(CTN News) – Nonconsensual sexually explicit deepfakes of Taylor Swift became viral on X on Wednesday, garnering over 27 million views and more than 260,000 likes in just 19 hours until the account that posted the images was suspended.
Deepfakes of Taylor Swift in naked and sexual situations continue to circulate on X, including reposts of popular deepfake photos. Such images can be constructed using AI technologies that generate new, synthetic images or by taking a real image and “undressing” it with AI algorithms.
The photographs’ origin is unknown, but a watermark indicates that they come from a years-old website infamous for releasing phoney nude celebrity images. The website has a section labelled “AI deepfake.”
Reality Defender, an AI detection software startup, evaluated the photographs and concluded they were most likely made using AI technology.
The photos’ widespread distribution over nearly a day highlights the increasingly frightening spread of AI-generated content and misinformation online.
Despite the issue’s intensification in recent months, tech platforms like X, which have created their generative AI technologies, have yet to install or discuss techniques to detect generative AI content that violates their policies.
Taylor Swift’s most viewed and shared deepfakes depict her naked in a football stadium. Swift has endured misogynistic criticism for supporting her partner, Kansas City Chiefs player Travis Kelce, by attending NFL games. Taylor Swift addressed the controversy in an interview with Time, saying, “I have no idea if I’m being shown too much and pissing off a few dads, Brads, and Chads.”
X did not reply quickly to a request for comment. Taylor Swift’s agent declined to comment on the record.
X has blocked potentially harmful media but has yet to handle sexually explicit deepfakes on the network. In early January, a 17-year-old Marvel star spoke out about discovering sexually explicit deepfakes of herself on X and being unable to erase them.
As of Thursday, NBC News has found such content on X. In June 2023, NBC News discovered nonconsensual sexually explicit deepfakes of TikTok stars spreading on the site. After X was approached for comment, only a portion of the content was removed.
Taylor Swift supporters claim that a mass-reporting campaign resulted in removing the artist’s most famous photographs rather than Swift and X themselves.
Following the trending of “Taylor Swift AI” on X, Swift’s admirers flooded the hashtag with complimentary tweets about her, according to a Blackbird analysis.
AI is a startup that uses AI technology to safeguard organisations from narrative-driven online attacks. “Protect Taylor Swift” also became popular on Thursday.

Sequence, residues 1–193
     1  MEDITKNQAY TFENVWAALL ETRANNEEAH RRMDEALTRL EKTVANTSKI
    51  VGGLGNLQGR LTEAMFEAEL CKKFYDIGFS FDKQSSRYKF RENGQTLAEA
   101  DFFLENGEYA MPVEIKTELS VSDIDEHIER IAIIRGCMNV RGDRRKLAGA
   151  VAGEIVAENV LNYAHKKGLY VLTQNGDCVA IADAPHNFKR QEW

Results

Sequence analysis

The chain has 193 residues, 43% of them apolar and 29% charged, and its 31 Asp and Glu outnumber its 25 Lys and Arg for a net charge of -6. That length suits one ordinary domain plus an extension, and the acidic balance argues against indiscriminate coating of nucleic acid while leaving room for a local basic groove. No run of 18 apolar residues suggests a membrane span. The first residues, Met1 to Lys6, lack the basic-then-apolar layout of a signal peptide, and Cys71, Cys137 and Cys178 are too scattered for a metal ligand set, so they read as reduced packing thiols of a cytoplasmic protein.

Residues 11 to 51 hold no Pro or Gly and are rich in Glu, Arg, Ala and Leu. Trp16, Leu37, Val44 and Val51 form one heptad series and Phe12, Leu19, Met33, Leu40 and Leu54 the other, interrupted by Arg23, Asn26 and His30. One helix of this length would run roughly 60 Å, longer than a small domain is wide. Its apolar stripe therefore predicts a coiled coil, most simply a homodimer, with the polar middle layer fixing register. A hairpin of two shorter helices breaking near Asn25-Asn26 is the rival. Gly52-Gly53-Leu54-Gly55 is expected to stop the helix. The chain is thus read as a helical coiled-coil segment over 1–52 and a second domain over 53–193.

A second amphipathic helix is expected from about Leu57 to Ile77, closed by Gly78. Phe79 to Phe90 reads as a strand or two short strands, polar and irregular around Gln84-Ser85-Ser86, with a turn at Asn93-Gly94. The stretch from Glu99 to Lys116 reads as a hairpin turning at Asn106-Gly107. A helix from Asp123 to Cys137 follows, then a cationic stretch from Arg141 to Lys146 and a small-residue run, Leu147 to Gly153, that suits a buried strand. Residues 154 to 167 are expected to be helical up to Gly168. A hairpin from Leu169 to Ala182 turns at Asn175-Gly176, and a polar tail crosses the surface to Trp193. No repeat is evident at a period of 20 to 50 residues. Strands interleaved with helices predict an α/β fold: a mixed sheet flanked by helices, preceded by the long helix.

One of the people who claimed credit for the reporting effort provided NBC News with two screenshots of notices she received from X indicating that her reports resulted in the suspension of two accounts that posted Taylor Swift deepfakes for violating X’s “abusive behaviour” guideline.
The woman who submitted the screenshots, who exchanged direct messages on the condition of anonymity, said she is increasingly concerned about the current effects of AI deepfake technology on ordinary women and girls.
“They don’t take our suffering seriously, so now it’s up to us to mass report these people and have them suspended,” the lady who reported the Taylor Swift deepfakes stated in a direct message.
Numerous high school-aged girls in the US have reported being victims of deepfakes. There is currently no federal law in the United States that governs the creation and distribution of nonconsensual sexually explicit deepfakes.
Rep. Joe Morelle, D.-N.Y., submitted a bill in May 2023 to criminalise nonconsensual sexually explicit deepfakes at the federal level. He commented on X about the Taylor Swift deepfakes, stating, “Yet another example of the destruction deepfakes cause.” Despite support from a renowned teen deepfake victim, the bill has not progressed since its introduction in early January.
Carrie Goldberg, a lawyer who has represented victims of deepfakes and other forms of nonconsensual sexually explicit material for over a decade, claims that even tech companies and platforms with anti-deepfake policies fail to prevent them from being posted online and spreading quickly through their services.
“Most human beings don’t have millions of fans who will go to bat for them if they’ve been victimised,” Goldberg said on CNN. “Even those platforms that do have deep fake policies, they’re not great at enforcing them, or especially if the content has spread very quickly, it becomes the typical whack-a-mole scenario.”